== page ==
Federal Circuits are split on whether the tort of negligent misrepresentation must be pled with particularity. The Second and Eighth Circuits have held Fed. R. Civ. P. 9(b) applies to negligent misrepresentation claims. See Trooien v. Mansour, 608 F.3d 1020, 1028 (8th Cir. 2010), Aetna Cas. & Sur. Co. v. Aniero Concrete Co., 404 F.3d 566, 583 (2d Cir. 2005). The Seventh and Fourth have held it does not. See Tricontinental Indus., Ltd. v. PricewaterhouseCoopers, LLP, 475 F.3d 824, 833 (7th Cir. 2007) and Baltimore Cnty. v. Cigna Healthcare, 238 Fed. App’x 914, 921–22 (4th Cir. 2007).
Fed. R. Civ. P. 8(a)(2) generally requires only “a short and plain statement of the claim showing that the pleader is entitled to relief.” Rule 9(b) by comparison requires that “a party must state with particularity the circumstances constituting fraud or mistake.” In Denver Health and Hosp. Auth. vs. Beverage Distribs. Co., LLC, 2012 WL 400320 (D. Colo., Feb. 8, 2012), the U.S. District Court for Colorado found that where the allegations sound primarily in negligence, then claims for negligent misrepresentation need only be pled in accord with Rule 8(a)(2).
In this case, a motorcyclist (Hood) was severely injured in an accident. Hood had health benefits through a domestic partner. Another defendant, Principal Life Insurance Company, repeatedly authorized the Denver Health and Hospital Authority (DHHA) to provide care to Hood. Concurrently, Beverage Distributors Company (Beverage), which administered the health plan, advised Hood’s domestic partner that there was no medical coverage for Hood. DHHA billed Hood over $750,000 for medical care. The motorcyclist assigned his claims to DHHA, which brought the action alleging, in part, negligent misrepresentation.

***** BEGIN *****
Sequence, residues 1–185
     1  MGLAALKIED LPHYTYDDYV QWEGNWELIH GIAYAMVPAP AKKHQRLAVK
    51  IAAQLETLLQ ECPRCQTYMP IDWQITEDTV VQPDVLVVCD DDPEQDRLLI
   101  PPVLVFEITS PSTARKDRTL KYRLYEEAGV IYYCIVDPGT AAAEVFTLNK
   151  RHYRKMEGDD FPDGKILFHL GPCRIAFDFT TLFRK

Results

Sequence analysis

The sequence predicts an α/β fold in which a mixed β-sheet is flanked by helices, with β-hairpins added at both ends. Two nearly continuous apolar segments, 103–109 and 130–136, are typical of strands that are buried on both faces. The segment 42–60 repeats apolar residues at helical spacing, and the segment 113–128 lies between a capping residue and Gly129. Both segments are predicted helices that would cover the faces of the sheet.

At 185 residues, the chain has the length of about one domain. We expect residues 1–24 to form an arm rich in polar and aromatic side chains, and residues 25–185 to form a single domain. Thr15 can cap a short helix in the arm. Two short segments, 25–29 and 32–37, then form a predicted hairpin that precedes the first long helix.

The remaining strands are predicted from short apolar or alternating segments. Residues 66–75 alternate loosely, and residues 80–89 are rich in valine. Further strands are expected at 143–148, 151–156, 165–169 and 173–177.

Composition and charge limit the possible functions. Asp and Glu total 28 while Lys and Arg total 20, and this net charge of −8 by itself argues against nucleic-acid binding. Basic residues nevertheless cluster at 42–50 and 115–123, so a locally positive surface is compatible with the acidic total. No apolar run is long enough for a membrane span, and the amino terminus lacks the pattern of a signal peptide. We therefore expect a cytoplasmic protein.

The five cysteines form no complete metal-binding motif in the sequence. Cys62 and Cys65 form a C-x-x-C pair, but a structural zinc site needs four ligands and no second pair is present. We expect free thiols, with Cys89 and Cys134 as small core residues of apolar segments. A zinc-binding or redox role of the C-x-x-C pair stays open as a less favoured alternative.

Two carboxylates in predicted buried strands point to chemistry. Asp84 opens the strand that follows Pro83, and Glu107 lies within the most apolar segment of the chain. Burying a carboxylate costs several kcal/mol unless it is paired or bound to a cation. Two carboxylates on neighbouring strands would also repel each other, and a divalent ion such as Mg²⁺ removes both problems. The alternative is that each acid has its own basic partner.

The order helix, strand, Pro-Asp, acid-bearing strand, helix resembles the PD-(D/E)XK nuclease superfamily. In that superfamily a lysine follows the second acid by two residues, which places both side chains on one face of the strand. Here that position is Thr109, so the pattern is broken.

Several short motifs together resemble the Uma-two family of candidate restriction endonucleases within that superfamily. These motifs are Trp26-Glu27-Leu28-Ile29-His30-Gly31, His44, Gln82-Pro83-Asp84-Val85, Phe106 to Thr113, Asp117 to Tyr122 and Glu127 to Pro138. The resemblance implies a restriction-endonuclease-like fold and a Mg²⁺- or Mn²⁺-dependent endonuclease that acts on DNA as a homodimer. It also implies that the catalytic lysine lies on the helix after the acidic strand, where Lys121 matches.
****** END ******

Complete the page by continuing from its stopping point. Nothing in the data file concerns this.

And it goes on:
DHHA alleged that Beverage’s negligence prevented Hood and DHHA from seeking other sources of third-party coverage. The Court examined the facts and concluded that the “crux of the claim is that Beverage failed to use reasonable care or competence in obtaining and communicating information concerning Hood’s eligibility. This rings not of fraud but negligence.” Id. at *4. “Moreover, the general tenor of the complaint weighs against applying Rule 9(b). This is because none of the causes of action or allegations implicate fraud.” Id.
The Court reasoned that where the tenor of the complaint is one of fraud, then Rule 9(b) applies. Citing Benchmark Electronics Capital Corp. v. J.M. Huber Corp., 343 F.3d 719, 723 (5th Cir. 2003) (stating that “[a]lthough Rule 9(b) by its terms does not apply to negligent misrepresentation claims,” it will apply the rule when the negligent misrepresentation claim is based on the same set of facts as a fraud claim). But, where the complaint alleges negligence, as in this matter, then negligent misrepresentation need not be pled with particularity. Id. The take-away from this analysis is that if a complaint alleges negligent misrepresentation founded upon fraudulent conduct, it should be pled with particularity. Otherwise, it need only be made by a short and plain statement of the claim.
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